SAP Through the Eyes of a Managing Director

When it comes to leadership, resources are key, and a CEO must know how to manage them. However, when your biggest resources are people, you need to keep them happy because in this age where the customer is king, happy employees make happy customers.

If you won the lottery right now, would you quit your job? For Pedro Guerreiro, the Managing Director East, West & Lusophone Africa at SAP, the answer is “absolutely not!” He adds, “Honestly, I like the kind of work that I do.” He has been with SAP for 23 years, steadily progressing and rising through the ranks. His favourite role was as Managing Director. A title he has held in Luanda, Angola; Lagos, Nigeria; and now, Nairobi. Pedro is a big advocate for work/life balance stating it is the key to success. “I think we need to acknowledge that people have lives.” That and keeping people on their toes while holding them to a higher standard. “I’m very demanding myself, so sometimes for me it is a challenge. I am not the kind of person who expects someone to be late.” Who keeps him on his toes? “My team. Or else they are
doing the wrong job!” As a CEO, his philosophy is “I work for you. You don’t work for me.”

Founded in Germany in 1972 by five former IBM employees, SAP was always destined for greatness. From accounting and payroll to their legendary ERP, the listed multinational has over 100,000 employees dotting the planet from Europe, Asia Pacific, Africa, the Middle East, North America, and South America. One of these employees is Pedro and I assure you he is no cog on the wheel. He stands out. A surfer who marvels at the Ngong Hills and enjoys being with his wife and daughter, he was in Zanzibar not long ago, surfing waves on the outer parts of the reef. He maintains the best surfs were in Angola. Small wonder that when he was growing up, he wanted to be a surfer.

Below is our interview, condensed and edited for this publication.

What is an intelligent enterprise and why is that so important?

Intelligent enterprise is a fully integrated company in itself and outside of its boundaries. You have business processes from procurement, finance to maintenance, which is a normal thing in terms of what SAP does every day on an ERP site. But it is actually way beyond that. You have an intelligent entreprise end-to-end with your suppliers and customers. Everything becomes so smooth, transparent and organised such that your business flows. The whole process is automated. It is all about process.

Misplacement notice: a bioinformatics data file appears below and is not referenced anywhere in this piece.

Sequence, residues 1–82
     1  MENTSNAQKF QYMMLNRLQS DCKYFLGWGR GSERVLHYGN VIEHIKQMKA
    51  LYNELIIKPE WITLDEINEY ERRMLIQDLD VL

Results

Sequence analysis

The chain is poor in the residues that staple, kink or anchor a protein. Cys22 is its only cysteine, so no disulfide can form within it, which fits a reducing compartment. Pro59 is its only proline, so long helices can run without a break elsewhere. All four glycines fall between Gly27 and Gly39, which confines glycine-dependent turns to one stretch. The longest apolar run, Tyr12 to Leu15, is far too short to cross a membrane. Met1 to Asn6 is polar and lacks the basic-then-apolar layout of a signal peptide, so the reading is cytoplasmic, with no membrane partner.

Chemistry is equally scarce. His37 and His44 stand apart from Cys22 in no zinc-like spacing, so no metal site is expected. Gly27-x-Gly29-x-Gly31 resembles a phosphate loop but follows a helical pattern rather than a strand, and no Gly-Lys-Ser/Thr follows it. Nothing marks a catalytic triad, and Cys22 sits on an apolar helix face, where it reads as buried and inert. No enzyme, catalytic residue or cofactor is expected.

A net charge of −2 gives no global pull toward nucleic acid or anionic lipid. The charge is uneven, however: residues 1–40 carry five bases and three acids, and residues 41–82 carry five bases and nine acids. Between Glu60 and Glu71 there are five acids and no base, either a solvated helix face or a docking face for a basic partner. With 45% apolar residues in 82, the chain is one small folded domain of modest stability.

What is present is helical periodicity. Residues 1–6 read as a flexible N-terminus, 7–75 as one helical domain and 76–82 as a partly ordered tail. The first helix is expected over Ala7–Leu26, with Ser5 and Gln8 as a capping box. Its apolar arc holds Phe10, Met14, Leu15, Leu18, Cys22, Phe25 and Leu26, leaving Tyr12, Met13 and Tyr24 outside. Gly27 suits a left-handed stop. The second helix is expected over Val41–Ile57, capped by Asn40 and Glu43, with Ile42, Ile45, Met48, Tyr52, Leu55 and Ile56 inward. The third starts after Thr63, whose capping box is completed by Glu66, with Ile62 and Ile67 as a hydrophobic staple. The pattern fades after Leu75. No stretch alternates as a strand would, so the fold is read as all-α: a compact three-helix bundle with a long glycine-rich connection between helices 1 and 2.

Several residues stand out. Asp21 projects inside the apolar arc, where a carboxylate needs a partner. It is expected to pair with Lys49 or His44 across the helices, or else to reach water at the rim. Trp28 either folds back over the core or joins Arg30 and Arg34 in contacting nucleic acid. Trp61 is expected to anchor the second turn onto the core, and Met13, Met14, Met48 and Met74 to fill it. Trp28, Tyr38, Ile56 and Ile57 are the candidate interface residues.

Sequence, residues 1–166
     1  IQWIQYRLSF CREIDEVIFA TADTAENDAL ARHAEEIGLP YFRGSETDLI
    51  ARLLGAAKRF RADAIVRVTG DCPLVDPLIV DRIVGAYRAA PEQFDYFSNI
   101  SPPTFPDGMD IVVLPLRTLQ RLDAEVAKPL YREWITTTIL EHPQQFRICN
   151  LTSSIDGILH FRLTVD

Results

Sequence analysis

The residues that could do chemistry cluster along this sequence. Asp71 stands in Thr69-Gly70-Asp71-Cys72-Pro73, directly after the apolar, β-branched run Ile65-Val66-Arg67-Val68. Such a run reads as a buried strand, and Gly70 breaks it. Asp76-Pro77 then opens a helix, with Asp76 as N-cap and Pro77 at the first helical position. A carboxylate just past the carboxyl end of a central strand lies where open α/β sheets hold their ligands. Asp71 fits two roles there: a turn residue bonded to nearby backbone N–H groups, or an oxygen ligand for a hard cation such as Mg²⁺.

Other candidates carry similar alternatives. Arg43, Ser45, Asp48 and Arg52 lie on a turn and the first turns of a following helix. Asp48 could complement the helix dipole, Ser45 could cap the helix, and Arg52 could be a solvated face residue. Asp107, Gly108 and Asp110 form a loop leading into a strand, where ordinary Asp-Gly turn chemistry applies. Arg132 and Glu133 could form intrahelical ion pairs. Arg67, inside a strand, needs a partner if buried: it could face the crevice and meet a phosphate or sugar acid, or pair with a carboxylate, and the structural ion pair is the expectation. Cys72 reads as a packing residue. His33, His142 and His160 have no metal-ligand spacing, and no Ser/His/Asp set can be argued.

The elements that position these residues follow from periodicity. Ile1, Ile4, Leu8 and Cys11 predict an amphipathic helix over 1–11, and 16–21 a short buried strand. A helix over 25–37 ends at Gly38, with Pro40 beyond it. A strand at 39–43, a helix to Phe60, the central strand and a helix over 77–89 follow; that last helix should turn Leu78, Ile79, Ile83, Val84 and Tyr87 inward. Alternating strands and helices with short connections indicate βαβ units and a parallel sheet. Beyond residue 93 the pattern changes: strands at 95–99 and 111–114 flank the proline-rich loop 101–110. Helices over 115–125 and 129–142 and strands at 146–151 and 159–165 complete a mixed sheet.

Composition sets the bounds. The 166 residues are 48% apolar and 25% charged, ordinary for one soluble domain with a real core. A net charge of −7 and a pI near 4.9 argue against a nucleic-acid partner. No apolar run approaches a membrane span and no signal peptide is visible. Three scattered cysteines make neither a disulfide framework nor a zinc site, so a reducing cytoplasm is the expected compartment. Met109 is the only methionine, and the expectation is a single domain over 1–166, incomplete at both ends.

That is what SAP is about.

You mentioned in our introduction that SAP is in several African countries. Are their needs similar across the continent or do you find differences based on geography and the people?

I would say the needs are very similar, but the cultures are different. I find some markets easy to work with on an entrepreneurial basis. Let’s say a country like Angola. They have a very entrepreneurial spirit. It is almost easier to have a conversation on digital transformation. The willingness is there.

In Kenya, they want more business value and push a bit more for innovation than in a market like Angola.

Is intelligent enterprise only limited to larger organisations? Do you work with SMEs?

We are committed to all customers.

SMEs are the backbone of many countries in Africa. We have large customers and many of them are our clients. But 80 per cent of our business is actually SMEs in Africa. It is definitely a key space for us. We have different products within our SMEs portfolio.

What are some of the examples you have of customers embracing digital transformation in Africa?

We have worked with Dangote Cement. As they find opportunities to launch in different industries and ventures – they are a very entrepreneurial customer – they wanted S/4HANA which is more aligned to intelligent enterprise’s endto-end integration with suppliers and both internal and external customers. They implemented this last year. They are building the largest refinery in Africa, creating over 250,000 jobs. This entrepreneurial perspective was already built into SAP.

When it comes to agriculture especially in Central Africa, we are doing quite innovative projects in the form of a Rural Sourcing Platform (RSM) which integrates every single micro-producer into the value chain. They register on the platform which is then aggregated and taken to the market. With intelligent enterprise you have very open sources.